ISLAMABAD: As the annual inflation rate has hit the new high of 38.42% for the previous week the Federation of Pakistan Chambers of Commerce and Industry’s Businessmen Panel has warned that a bailout from the International Monetary Fund (IMF) alone was unlikely to put the country’s economy back on track, as the minibudget would further deteriorate the financial situation in the country.
Amidst continuous of hike in cost of production in the country, what the Pakistan’s economy really needs is persistent and sound economic management, observed FPCCI former president and BMP Chairman Mian Anjum Nisar. He asked the authorities for undertaking economic reforms and improving the regulatory environment to boost foreign investment so that financial stability can be achieved in the long-run.
The Businessmen Panel (BMP) chief stressed the need for reducing cost of doing business, besides evolving a new price control mechanism, as huge taxation, rising oil prices and constant jump in electricity and gas tariffs have lifted the inflation to decades high level in Feb 2023.
Mian Anjum Nisar warned the authorities that inflation above 6 percent can hurt economic growth and a careful policy is required to keep it in control. He said that the pace of inflation is skyrocketing at a time when the economic activity is slowing down.
As the oil prices have been increased by another Rs12/liter and power tariff has gone up further the BMP chairman stated that the government has dropped a fuel bomb on the businessmen after it suffered an electric shock to meet the conditions of IMF for the revival of the stalled loan program- a recipe to shake the trade and industry.
The FPCCI former president said that the decision would prove detrimental to the industries due to high cost of doing business and will also open the floodgates of inflation. In addition to making the electricity bills costlier and unaffordable for the consumers, the hike in base tariff would escalate prices of all household goods being widely used in every household, he added.
He termed the increase in tariff unlawful and a violation of NEPRA’s own rules and regulations, as any increase in tariff has to be determined and implemented only after holding public hearings but unfortunately they have solely decided to raise the tariff without holding public hearings, he argued.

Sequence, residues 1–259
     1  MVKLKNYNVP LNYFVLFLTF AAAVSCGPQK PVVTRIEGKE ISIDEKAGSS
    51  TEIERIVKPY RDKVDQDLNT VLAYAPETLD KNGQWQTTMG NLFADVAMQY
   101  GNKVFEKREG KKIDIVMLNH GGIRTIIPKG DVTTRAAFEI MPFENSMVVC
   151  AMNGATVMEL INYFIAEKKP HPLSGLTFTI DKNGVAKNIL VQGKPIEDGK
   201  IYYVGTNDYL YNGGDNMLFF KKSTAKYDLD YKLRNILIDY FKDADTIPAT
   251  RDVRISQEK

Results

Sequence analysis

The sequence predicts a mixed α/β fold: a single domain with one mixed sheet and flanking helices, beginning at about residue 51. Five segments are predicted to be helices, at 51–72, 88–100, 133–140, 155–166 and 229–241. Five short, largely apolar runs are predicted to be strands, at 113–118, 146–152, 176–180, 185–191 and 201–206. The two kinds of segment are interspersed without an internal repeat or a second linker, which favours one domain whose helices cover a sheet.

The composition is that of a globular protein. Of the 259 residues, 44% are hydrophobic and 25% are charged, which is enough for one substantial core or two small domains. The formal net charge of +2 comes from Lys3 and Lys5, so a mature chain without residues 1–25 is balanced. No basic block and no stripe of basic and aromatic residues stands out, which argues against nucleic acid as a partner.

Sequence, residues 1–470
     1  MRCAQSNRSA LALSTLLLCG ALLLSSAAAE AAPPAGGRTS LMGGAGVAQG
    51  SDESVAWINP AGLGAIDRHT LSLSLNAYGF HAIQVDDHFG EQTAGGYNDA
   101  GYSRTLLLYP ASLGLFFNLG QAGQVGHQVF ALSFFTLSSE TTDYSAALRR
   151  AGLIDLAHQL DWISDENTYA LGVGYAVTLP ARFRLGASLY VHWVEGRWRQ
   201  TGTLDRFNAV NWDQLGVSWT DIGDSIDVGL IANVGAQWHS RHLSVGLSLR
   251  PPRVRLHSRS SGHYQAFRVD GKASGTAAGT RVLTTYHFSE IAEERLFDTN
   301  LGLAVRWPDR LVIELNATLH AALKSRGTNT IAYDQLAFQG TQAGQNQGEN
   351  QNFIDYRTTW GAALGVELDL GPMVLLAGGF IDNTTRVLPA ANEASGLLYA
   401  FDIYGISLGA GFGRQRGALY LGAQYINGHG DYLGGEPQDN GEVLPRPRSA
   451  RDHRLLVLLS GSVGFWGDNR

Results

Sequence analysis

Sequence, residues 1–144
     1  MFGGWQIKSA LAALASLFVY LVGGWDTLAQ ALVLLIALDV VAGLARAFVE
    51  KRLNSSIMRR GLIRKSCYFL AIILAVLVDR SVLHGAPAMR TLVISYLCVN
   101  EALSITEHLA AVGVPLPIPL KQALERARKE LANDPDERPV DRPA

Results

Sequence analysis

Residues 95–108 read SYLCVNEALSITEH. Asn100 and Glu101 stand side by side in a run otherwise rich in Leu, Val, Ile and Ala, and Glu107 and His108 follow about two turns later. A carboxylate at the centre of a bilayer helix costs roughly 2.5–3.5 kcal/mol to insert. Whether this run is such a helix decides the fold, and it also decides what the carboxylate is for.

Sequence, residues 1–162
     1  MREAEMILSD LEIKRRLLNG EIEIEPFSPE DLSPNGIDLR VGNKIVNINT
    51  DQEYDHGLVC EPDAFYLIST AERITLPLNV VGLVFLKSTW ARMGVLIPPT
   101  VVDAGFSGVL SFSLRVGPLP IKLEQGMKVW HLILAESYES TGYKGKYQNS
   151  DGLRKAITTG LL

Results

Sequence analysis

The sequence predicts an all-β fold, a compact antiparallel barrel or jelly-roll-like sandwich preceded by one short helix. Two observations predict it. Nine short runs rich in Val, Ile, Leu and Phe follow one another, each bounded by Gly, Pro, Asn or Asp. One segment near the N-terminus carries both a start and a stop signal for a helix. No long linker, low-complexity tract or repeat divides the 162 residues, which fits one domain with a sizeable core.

He condemned the National Electric Power Regulatory Authority’s decision to increase electricity tariffs, stating that the burden of power theft, mismanagement, and inefficiencies cannot be shifted to consumers on the pretext of fuel adjustment.
Mian Anjum Nisar said that Pakistan’s industry had been harmed by the high cost of doing business, which discouraged investment in capacity and capability and called for easing the burden of heavy taxes on the power sector.
Anjum Nisar stated that the constant increase in power tariffs on the pretext of fuel adjustment had increased electricity prices and added to the already high cost of trade and industry. Seeking comparable energy tariffs for domestic industries in order to capture the global market, he stated that due to high electricity rates, power theft became rampant as the tariff was unaffordable to consumers.
He urged the power ministry to identify system constraints and communicate targets to all concerned departments in order to launch a wartime effort to upgrade the transmission system.
He urged the completion of all ongoing power projects well ahead of schedule. He stated that business-friendly policies must be adopted, similar to those adopted by other neighboring countries in the region.
He suggested that the amount specified in trade policy be used to promote exports by providing incentives to trade and industry and by exploring new markets. According to the BMP Chairman, Pakistan’s electricity prices were already on the high side, which was the primary reason for the country’s price hikes. He stated that providing affordable electricity would assist in lowering production costs, thereby benefiting the public. He stated that rising imports and a widening trade deficit posed a serious threat to economic growth and must be addressed urgently.
Mian Anjum Nisar said that the recent increase in fuel and electricity rates will add to the miseries of the businessmen, who are already feeling the heat of runaway inflation. He said that increase in fuel prices and tariff rates would also bring about another flood of inflation in Pakistan as it would increase the cost of doing business in the country.
The Pakistan Bureau of Statistics reported that inflation hit the 48 years’ highest level in Feb. The likely acceleration in the index would bring more misery for the trade and industry which was facing difficulties in meeting soaring cost.
He asked the government to inform the IMF that due to floods, tight monetary policy, high inflation, and a less conducive global environment, the economic growth rate might slow down in the range of 1.5% to 2% – a pace that was even lower than the population growth rate and would cause more unemployment in Pakistan.
IMF bailout alone cannot put economy back on track: BMP